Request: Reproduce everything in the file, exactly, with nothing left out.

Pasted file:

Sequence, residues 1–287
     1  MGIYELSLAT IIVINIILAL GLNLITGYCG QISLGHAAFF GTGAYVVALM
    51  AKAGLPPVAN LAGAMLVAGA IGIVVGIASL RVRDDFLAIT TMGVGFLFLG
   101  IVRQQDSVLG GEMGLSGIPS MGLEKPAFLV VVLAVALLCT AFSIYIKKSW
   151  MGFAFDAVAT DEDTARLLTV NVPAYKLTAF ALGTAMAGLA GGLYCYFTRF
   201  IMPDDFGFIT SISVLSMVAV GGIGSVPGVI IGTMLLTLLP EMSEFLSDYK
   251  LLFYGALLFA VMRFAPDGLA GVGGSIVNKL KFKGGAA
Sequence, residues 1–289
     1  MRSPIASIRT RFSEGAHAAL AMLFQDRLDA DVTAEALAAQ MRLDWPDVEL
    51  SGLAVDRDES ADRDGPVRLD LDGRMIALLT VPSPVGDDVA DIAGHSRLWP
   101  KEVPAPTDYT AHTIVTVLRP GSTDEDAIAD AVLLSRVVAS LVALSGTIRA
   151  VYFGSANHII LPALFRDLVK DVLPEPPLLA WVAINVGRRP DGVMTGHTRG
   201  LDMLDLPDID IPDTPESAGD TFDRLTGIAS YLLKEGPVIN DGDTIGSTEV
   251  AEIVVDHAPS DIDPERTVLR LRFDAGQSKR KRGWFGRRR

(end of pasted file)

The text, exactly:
Sequence, residues 1–287
     1  MGIYELSLAT IIVINIILAL GLNLITGYCG QISLGHAAFF GTGAYVVALM
    51  AKAGLPPVAN LAGAMLVAGA IGIVVGIASL RVRDDFLAIT TMGVGFLFLG
   101  IVRQQDSVLG GEMGLSGIPS MGLEKPAFLV VVLAVALLCT AFSIYIKKSW
   151  MGFAFDAVAT DEDTARLLTV NVPAYKLTAF ALGTAMAGLA GGLYCYFTRF
   201  IMPDDFGFIT SISVLSMVAV GGIGSVPGVI IGTMLLTLLP EMSEFLSDYK
   251  LLFYGALLFA VMRFAPDGLA GVGGSIVNKL KFKGGAA
Sequence, residues 1–289
     1  MRSPIASIRT RFSEGAHAAL AMLFQDRLDA DVTAEALAAQ MRLDWPDVEL
    51  SGLAVDRDES ADRDGPVRLD LDGRMIALLT VPSPVGDDVA DIAGHSRLWP
   101  KEVPAPTDYT AHTIVTVLRP GSTDEDAIAD AVLLSRVVAS LVALSGTIRA
   151  VYFGSANHII LPALFRDLVK DVLPEPPLLA WVAINVGRRP DGVMTGHTRG
   201  LDMLDLPDID IPDTPESAGD TFDRLTGIAS YLLKEGPVIN DGDTIGSTEV
   251  AEIVVDHAPS DIDPERTVLR LRFDAGQSKR KRGWFGRRR